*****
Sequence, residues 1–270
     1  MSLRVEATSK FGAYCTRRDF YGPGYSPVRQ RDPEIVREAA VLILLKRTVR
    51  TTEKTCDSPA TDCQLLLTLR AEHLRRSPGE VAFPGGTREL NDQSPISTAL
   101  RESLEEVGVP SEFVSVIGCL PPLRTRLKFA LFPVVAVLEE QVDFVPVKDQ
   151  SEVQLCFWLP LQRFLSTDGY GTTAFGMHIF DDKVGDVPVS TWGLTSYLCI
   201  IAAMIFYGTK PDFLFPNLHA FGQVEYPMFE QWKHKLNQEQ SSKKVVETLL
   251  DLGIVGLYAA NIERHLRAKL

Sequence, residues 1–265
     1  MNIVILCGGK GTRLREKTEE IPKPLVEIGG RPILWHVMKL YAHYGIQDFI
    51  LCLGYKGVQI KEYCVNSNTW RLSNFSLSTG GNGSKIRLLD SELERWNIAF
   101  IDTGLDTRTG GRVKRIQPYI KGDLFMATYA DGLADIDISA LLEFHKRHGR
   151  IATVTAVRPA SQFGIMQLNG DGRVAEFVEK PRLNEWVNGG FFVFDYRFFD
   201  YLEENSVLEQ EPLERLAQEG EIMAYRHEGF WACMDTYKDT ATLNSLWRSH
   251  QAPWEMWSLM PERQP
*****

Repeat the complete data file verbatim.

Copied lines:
Sequence, residues 1–270
     1  MSLRVEATSK FGAYCTRRDF YGPGYSPVRQ RDPEIVREAA VLILLKRTVR
    51  TTEKTCDSPA TDCQLLLTLR AEHLRRSPGE VAFPGGTREL NDQSPISTAL
   101  RESLEEVGVP SEFVSVIGCL PPLRTRLKFA LFPVVAVLEE QVDFVPVKDQ
   151  SEVQLCFWLP LQRFLSTDGY GTTAFGMHIF DDKVGDVPVS TWGLTSYLCI
   201  IAAMIFYGTK PDFLFPNLHA FGQVEYPMFE QWKHKLNQEQ SSKKVVETLL
   251  DLGIVGLYAA NIERHLRAKL

Sequence, residues 1–265
     1  MNIVILCGGK GTRLREKTEE IPKPLVEIGG RPILWHVMKL YAHYGIQDFI
    51  LCLGYKGVQI KEYCVNSNTW RLSNFSLSTG GNGSKIRLLD SELERWNIAF
   101  IDTGLDTRTG GRVKRIQPYI KGDLFMATYA DGLADIDISA LLEFHKRHGR
   151  IATVTAVRPA SQFGIMQLNG DGRVAEFVEK PRLNEWVNGG FFVFDYRFFD
   201  YLEENSVLEQ EPLERLAQEG EIMAYRHEGF WACMDTYKDT ATLNSLWRSH
   251  QAPWEMWSLM PERQP